Warning bells should have rung as the Indian health sector is a shadow of that in the West – they spend just 1% of the GNP on healthcare as opposed to our 9.5%. They also have injustice built into their system with private hospitals for the wealthy and insured and public hospitals for those who are not. Hence the hideous sights of overwhelmed hospitals. It takes little imagination to appreciate the horror of losing someone who might have been saved with simple respiratory support, or gasping your last while waiting in vain for help. India is said to need 500,000 ICU beds to cope with people needing complex respiratory support – they have just 90,000, all of which are now occupied. They have only 40,000 ventilators available for 1.3 billion people. (One per 30,000 people as compared to our one per 7000)The potential for an expanding calamity looms large and the counting of cases and deaths is know to be considerably underestimated.
Like almost everywhere, Vitamin D levels in the Indian population are low. There is of course, far more sunlight in India than the UK, yet the indoor lifestyle is common, urban pollution, poor diet and too much skin covering are other factors in reducing immune boosting exposure to sunlight. Like here, the issue, a significant marker for risk, is marginalised despite its potential to make a significant difference.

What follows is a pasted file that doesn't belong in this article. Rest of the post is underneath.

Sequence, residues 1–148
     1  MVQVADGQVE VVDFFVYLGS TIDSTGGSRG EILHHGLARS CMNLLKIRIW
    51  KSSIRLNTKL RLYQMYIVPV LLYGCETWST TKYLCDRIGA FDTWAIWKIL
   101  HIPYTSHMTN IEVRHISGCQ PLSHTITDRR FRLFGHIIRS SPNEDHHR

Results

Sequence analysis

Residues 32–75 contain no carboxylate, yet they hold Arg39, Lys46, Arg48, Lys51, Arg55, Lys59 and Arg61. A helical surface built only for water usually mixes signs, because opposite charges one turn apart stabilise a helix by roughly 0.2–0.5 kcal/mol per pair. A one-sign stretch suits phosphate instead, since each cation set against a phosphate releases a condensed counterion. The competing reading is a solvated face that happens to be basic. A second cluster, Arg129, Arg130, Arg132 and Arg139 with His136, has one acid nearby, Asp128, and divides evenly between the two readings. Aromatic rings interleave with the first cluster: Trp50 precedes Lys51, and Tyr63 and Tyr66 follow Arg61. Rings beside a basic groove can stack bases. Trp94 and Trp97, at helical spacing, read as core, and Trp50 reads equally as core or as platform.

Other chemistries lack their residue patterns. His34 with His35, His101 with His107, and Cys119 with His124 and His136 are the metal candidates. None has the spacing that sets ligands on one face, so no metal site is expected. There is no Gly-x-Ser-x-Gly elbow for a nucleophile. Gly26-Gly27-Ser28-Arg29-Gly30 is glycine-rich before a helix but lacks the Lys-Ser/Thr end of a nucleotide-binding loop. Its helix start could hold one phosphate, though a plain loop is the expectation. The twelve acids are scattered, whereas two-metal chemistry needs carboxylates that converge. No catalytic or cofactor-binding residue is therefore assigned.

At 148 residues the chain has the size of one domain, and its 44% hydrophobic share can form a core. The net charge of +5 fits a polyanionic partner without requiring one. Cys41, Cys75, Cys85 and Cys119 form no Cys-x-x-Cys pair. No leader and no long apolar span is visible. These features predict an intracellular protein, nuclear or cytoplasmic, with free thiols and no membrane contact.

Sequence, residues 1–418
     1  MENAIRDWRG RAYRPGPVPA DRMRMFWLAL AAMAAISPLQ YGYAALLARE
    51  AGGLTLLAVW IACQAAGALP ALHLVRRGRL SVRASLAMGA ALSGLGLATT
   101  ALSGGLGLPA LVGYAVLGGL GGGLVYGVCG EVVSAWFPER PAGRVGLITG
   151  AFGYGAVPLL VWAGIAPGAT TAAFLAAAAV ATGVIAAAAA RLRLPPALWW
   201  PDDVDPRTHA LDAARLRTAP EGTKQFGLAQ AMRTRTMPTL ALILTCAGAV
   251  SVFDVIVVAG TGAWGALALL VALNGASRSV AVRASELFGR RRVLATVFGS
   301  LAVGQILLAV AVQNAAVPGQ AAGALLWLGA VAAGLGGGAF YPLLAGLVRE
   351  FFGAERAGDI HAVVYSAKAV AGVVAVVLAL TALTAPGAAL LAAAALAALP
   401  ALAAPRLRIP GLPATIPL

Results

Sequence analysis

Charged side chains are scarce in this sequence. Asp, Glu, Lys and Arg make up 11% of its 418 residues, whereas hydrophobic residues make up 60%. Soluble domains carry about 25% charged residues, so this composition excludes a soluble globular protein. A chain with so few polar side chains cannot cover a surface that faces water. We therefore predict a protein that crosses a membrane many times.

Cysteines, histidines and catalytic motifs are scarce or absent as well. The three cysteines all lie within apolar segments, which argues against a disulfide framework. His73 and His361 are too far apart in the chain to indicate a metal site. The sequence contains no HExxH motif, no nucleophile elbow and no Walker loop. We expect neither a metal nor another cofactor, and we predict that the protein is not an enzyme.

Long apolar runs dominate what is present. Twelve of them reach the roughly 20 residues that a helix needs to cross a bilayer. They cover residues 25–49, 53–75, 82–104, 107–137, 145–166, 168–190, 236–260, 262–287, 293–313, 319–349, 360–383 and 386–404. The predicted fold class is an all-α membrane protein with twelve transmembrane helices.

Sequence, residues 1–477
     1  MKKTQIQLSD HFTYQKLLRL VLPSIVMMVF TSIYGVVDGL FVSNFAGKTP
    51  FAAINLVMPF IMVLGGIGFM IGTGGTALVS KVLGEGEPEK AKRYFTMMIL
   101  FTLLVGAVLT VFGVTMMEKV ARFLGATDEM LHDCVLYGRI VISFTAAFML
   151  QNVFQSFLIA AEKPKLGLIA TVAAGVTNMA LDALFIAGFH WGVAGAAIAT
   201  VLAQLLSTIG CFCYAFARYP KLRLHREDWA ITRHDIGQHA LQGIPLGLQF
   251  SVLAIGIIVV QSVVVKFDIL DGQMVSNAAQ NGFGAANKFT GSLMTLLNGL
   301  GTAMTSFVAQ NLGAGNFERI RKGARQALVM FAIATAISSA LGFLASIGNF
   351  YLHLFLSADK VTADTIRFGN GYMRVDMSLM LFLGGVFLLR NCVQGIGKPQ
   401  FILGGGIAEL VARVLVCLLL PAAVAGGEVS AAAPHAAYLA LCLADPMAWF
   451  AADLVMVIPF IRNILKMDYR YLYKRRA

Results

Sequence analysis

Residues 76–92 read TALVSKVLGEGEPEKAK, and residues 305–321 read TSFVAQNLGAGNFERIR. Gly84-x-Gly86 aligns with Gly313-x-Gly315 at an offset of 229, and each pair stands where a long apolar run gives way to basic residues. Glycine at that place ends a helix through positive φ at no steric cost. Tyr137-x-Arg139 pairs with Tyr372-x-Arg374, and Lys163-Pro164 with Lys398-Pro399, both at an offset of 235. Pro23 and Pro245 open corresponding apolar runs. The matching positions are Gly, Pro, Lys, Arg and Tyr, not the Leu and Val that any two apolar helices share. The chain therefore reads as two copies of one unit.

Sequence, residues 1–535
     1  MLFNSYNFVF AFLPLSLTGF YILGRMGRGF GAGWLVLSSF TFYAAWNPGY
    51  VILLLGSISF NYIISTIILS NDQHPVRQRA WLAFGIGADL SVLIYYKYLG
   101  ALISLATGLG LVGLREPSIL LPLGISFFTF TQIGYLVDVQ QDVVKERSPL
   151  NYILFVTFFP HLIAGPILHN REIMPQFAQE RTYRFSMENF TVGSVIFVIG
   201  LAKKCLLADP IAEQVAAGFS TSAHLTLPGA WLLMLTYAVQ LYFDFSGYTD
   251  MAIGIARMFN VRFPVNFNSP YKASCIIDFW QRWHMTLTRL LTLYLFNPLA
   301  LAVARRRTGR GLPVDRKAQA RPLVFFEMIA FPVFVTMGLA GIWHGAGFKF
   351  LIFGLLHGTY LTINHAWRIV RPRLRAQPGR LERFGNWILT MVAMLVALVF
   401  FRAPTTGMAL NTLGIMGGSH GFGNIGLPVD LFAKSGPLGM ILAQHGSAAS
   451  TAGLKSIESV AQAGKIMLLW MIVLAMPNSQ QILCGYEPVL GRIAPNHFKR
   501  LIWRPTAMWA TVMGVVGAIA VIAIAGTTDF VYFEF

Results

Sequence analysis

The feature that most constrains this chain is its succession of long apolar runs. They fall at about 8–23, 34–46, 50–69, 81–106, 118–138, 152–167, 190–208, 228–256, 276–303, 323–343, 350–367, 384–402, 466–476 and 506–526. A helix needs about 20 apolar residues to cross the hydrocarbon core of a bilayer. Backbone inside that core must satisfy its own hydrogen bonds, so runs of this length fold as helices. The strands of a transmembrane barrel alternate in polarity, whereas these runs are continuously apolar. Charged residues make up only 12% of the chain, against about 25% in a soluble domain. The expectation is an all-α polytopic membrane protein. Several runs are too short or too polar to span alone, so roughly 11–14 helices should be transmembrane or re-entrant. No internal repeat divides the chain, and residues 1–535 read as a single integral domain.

Bad medicine is common. Patients are prescribed many useless drugs, including hydroxychloroquine, 7-8 drugs including ivermectin, doxycycline, azithromycin, and favipiravir, making treatment for mild illness paradoxically expensive. The rich are over-treated, and the poor under-treated if treatment is available. The culture encourages pointless intervention and polypharmacy. The notion that the small first wave was thanks to these interventions has now been debunked.
A terrible example of the consequences of bad medicine in the emergence of a previously rare fungal infection called mucormycosis due to the toxic cocktail of people weakened by COVID19, combined with the rampant overuse of antibiotics and steroids. It is a terrible infection, treatable with an anti-fungal which is in short supply and very expensive to manage as surgery is needed to remove infected tissue.
Impressive local production of Remdesivir, and Tociluzumab are overwhelmed by the sheer volume of hoarding and inappropriate use. Useless drugs add to the patients medical bills and useful treatment is not given at the right time. Stable paying patients are admitted needlessly while other die for the lack of simple interventions like oxygen.